In an interview for The Mindful Cranks podcast, Winton Higgins discusses different approaches to secular Buddhism, the tendency of Western Buddhists to focus on mindfulness meditation as a form of self-help and self-improvement, and the need for practitioners to become caring dharmic citizens, politically engaged in the struggles to create a just and sustainable society.
Commercialised mindfulness meditation is to Buddhist meditation what McDonald’s offerings are to real cooking, the title of Ron Purser’s book infers. But there’s more to that title – it has antecedents, according to Sydney secular Buddhist teacher, Winton Higgins.
Winton Higgins’ articles and dharma talks provide us with a clear understanding of the development of secular Buddhism and the ways in which a secular approach differs from traditional forms of Buddhism.
Welcome to our June 2020 newsletter. This month’s glossary item is MINDFULNESS and we introduce new articles by John Danvers and Stefano Bettera, as well as a new secular mindfulness course offered by Dave Smith. Our feature is an excerpt from a dharma talk by Winton Higgins on secular Buddhist meditation.
The Tuwhiri Project and the Secular Buddhist Network have created a free online course which explores the key ideas and practices of secular Buddhism. This course is mainly based on Stephen Batchelor’s book, After Buddhism: rethinking the dharma for a secular age, and the companion book published by The Tuwhiri Project, After Buddhism: a workbook, by Winton Higgins.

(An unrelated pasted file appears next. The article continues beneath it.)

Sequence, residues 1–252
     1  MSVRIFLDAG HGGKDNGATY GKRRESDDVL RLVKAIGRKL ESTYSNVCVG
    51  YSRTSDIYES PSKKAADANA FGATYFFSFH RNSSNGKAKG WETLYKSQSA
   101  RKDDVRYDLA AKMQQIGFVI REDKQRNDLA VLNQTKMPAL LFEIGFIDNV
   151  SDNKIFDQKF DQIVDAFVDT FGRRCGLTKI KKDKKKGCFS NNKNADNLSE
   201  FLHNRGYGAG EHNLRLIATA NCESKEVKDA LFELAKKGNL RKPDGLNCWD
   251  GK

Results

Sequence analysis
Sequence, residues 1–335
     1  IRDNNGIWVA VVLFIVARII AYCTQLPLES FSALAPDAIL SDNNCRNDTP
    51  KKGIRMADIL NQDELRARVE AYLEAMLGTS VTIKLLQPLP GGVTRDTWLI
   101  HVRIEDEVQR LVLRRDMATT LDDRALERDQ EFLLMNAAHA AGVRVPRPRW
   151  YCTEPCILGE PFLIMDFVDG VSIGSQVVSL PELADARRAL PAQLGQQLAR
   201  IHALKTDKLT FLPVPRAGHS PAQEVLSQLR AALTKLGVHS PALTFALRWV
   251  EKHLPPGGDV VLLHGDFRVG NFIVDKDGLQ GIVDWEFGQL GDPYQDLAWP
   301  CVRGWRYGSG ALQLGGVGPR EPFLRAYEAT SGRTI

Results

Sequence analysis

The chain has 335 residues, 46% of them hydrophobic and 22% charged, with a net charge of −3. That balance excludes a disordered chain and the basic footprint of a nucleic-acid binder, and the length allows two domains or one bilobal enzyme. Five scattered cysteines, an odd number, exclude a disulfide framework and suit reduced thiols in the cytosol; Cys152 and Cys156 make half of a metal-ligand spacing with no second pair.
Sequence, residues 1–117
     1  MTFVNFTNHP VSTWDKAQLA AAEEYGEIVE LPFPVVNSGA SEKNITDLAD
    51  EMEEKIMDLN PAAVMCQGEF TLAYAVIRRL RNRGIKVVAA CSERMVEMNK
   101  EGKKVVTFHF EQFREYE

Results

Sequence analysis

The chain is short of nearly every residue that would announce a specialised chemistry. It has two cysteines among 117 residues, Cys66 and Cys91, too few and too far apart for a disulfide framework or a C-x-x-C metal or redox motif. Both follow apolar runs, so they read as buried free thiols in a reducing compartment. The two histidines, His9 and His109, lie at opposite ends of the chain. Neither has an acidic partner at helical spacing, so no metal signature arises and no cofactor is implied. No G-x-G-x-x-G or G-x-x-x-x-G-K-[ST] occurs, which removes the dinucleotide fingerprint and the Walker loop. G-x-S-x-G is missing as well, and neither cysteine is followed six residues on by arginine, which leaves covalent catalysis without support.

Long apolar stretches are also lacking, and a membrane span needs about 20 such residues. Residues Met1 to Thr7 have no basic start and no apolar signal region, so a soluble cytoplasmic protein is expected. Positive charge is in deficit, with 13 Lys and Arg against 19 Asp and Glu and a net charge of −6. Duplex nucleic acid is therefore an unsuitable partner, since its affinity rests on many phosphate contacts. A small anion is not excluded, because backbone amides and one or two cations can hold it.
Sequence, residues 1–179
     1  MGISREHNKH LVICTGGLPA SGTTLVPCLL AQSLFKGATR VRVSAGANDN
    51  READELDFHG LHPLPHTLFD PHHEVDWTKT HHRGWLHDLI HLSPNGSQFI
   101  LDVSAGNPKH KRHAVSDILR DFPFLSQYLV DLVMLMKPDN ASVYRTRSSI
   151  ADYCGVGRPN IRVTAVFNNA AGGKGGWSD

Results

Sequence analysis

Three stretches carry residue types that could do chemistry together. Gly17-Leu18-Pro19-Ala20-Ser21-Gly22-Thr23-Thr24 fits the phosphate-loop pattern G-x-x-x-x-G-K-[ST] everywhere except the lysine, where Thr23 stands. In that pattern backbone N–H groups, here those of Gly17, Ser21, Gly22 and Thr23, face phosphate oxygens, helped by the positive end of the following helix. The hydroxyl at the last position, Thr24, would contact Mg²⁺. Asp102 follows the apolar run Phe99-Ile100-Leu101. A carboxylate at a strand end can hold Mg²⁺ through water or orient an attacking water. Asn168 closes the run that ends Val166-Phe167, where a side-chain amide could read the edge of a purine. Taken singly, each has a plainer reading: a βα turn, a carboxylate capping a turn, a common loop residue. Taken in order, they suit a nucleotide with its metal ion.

Welcome to our February 2020 newsletter. This month’s glossary item is the EVERYDAY SUBLIME and we introduce new articles by Stefano Bettera and Bill Gayner. Our feature article is an excerpt from a talk given by Winton Higgins in 2019 on satipaṭṭhāna or insight meditation.
Emotion-Focused Mindfulness Therapy (EFMT) is a new psychological approach to addressing internal conflicts like harsh self-criticism. The approach emerged out of a dialogue between Emotion-Focused Therapy (EFT) and the secular and contemporary Buddhist perspectives of Stephen Batchelor, Winton Higgins and Jason Siff.
According to Winton Higgins, the foundation of Buddhists’ political engagement is the overarching ethical commitment to care, the responsibility to be ‘engaged as a moral agent in what is going on in one’s own life’.
Ramsey Margolis explains how Winton Higgins’ After Buddhism: a workbook, was produced as part of the creation of a new non-profit organisation dedicated to developing a secular dharma: The Tuwhiri Project.
The Upaya Sangha of Tuscon in Arizona, USA is offering a ten-week Winter-Spring study group on Stephen Batchelor’s book, ‘After Buddhism: rethinking the dharma for a secular age.’ The group will use ‘After Buddhism: a workbook’ by Winton Higgins to give structure to the group’s discussion of key themes in Stephen’s book.